The Cambridge simulation gloves simulate a reduction in the functional ability of the hands. In particular, they use plastic strips to limit the strength and range of motion of the fingers and thumb. Various conditions, such as arthritis, can cause effects like these. As an example, these gloves will make it much more difficult to use a knife and fork, simulating the difficulties that people with arthritis of the knuckles have in gripping small handles.
Please note that impairment simulation cannot convey what it is really like to live with capability loss on an everyday basis. In particular, the gloves do not simulate other common effects such as pain, tremor, loss of tactile sensitivity and changes to the shape of the hand that occur with ageing. Furthermore, they do not simulate any problems with the wrists. As an example, using a touchscreen keyboard on a mobile phone remains relatively easy with the gloves but is particularly difficult for people with tremor.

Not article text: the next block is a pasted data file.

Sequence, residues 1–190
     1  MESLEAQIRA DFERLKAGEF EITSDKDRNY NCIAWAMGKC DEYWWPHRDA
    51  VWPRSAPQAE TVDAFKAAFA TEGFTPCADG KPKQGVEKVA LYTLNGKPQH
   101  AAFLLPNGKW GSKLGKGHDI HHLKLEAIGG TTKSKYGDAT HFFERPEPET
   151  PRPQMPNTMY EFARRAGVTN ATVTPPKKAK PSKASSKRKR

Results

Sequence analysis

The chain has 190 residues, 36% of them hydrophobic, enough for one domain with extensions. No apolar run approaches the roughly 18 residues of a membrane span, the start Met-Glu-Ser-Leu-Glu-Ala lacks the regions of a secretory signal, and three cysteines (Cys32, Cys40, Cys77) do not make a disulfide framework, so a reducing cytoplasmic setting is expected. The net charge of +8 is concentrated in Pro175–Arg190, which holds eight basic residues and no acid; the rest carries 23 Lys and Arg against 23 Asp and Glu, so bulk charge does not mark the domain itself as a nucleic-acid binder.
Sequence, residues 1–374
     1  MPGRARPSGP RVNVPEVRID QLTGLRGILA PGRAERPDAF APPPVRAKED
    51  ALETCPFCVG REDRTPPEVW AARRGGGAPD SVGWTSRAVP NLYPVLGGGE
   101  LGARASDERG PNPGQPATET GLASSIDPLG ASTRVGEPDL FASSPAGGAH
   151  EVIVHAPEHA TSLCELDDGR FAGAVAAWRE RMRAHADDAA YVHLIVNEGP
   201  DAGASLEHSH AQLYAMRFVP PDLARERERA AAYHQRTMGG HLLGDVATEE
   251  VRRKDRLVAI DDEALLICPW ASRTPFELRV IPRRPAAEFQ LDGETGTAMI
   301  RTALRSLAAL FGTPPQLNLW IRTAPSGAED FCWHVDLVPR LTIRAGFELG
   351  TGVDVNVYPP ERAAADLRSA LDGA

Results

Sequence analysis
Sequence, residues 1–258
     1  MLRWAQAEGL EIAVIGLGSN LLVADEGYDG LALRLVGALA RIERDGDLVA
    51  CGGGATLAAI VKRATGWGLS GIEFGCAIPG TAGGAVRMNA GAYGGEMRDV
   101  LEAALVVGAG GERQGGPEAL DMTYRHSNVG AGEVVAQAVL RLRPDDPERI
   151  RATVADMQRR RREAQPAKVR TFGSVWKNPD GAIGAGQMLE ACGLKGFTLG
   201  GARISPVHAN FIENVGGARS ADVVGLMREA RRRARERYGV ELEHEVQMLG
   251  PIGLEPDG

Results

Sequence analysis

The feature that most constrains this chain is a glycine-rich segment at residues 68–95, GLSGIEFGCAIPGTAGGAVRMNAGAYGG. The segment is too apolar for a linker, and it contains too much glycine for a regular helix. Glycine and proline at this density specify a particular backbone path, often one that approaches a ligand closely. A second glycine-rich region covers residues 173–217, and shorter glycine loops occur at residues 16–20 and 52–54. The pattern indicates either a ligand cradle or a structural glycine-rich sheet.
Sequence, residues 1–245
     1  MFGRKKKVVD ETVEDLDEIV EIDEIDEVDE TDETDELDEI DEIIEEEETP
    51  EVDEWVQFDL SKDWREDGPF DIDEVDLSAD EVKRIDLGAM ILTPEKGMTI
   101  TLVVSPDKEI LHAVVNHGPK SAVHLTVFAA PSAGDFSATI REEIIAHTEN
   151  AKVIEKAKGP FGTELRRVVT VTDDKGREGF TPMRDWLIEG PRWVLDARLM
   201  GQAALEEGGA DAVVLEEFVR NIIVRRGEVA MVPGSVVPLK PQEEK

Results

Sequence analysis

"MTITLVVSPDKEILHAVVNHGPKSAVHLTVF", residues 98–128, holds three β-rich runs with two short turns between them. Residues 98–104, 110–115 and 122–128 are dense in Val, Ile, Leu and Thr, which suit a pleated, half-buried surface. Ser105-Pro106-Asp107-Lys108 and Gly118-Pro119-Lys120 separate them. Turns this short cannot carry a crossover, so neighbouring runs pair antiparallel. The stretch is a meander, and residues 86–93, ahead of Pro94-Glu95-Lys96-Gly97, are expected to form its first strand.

Therefore, these gloves are intended to be used in combination with other tools as part of a holistic inclusive design evaluation (described within the Evaluate part of the Process section of this website).
The gloves can be used to help people to empathise with those with dexterity impairment, and to compare the demands placed by different products on dexterity. The harder a product is to use while wearing the gloves, the more demand it places on dexterity and the more inaccessible it is. Conversely, if a product remains comfortable to use while wearing these gloves, then it is likely to be more comfortable for a broad range of users.
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